Community knowledge, risk perception, and preparedness for the 2009 influenza A/H1N1 pandemic

Megan Jehn, Yushim Kim, Barrie Bradley, Timothy Lant

Research output: Contribution to journalArticle

17 Scopus citations

Abstract

Objective: To examine public knowledge, perceptions, and preparedness for the 2009 influenza A/H1N1 pandemic. Design: We conducted a telephone survey of selected households in Arizona during the month of October 2009. Results: Among the 727 households interviewed, one-third (34%) were not aware that the terms swine flu and H1N1 refer to the same virus. Many believed that it is more difficult to contract 2009 H1N1 (27%) than seasonal influenza (14%). About three-quarters of respondents perceived the H1N1 situation as urgent (76%), but only about one-third of those surveyed believed a family member would get sick with H1N1 within a year (35%). Approximately half (53%) of those surveyed intended to get the H1N1 influenza vaccine. Family doctors, television news, and local public health officials were the most trusted sources for H1N1 information. Conclusions: The survey highlighted a number of important misconceptions about H1N1 knowledge, treatment options and transmissibility. Increased efforts should be made to understand how messages are transmitted and received in the community during a pandemic to improve risk communication plans moving forward.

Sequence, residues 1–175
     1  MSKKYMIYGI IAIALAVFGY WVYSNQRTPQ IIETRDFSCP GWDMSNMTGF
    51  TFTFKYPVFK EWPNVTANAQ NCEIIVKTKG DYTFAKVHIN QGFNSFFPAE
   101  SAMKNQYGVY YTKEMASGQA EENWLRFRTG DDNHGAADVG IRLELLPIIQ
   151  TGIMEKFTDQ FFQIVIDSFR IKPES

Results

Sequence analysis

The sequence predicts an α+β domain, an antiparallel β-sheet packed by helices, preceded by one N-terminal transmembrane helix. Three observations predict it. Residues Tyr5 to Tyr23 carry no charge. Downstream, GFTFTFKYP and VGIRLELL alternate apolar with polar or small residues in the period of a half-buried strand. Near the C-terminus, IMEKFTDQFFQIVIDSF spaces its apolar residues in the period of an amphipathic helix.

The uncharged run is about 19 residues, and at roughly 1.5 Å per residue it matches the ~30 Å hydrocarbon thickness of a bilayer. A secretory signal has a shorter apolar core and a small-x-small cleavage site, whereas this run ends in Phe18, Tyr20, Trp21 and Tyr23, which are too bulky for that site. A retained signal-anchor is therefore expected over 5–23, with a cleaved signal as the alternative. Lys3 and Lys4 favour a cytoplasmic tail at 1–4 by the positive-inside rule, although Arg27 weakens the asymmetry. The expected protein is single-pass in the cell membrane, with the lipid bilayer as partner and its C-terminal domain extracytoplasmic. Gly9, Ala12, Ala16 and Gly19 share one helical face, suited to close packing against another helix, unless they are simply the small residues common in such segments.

Original languageEnglish (US)
Pages (from-to)431-438
Number of pages8
JournalJournal of Public Health Management and Practice
Volume17
Issue number5
DOIs
StatePublished - Sep 1 2011

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Keywords

  • Attitudes
  • H1N1 subtype/isolation and purification
  • emergency preparedness
  • health knowledge
  • influenza A virus
  • practice
  • risk communication
  • social behavior

ASJC Scopus subject areas

  • Health Policy
  • Public Health, Environmental and Occupational Health

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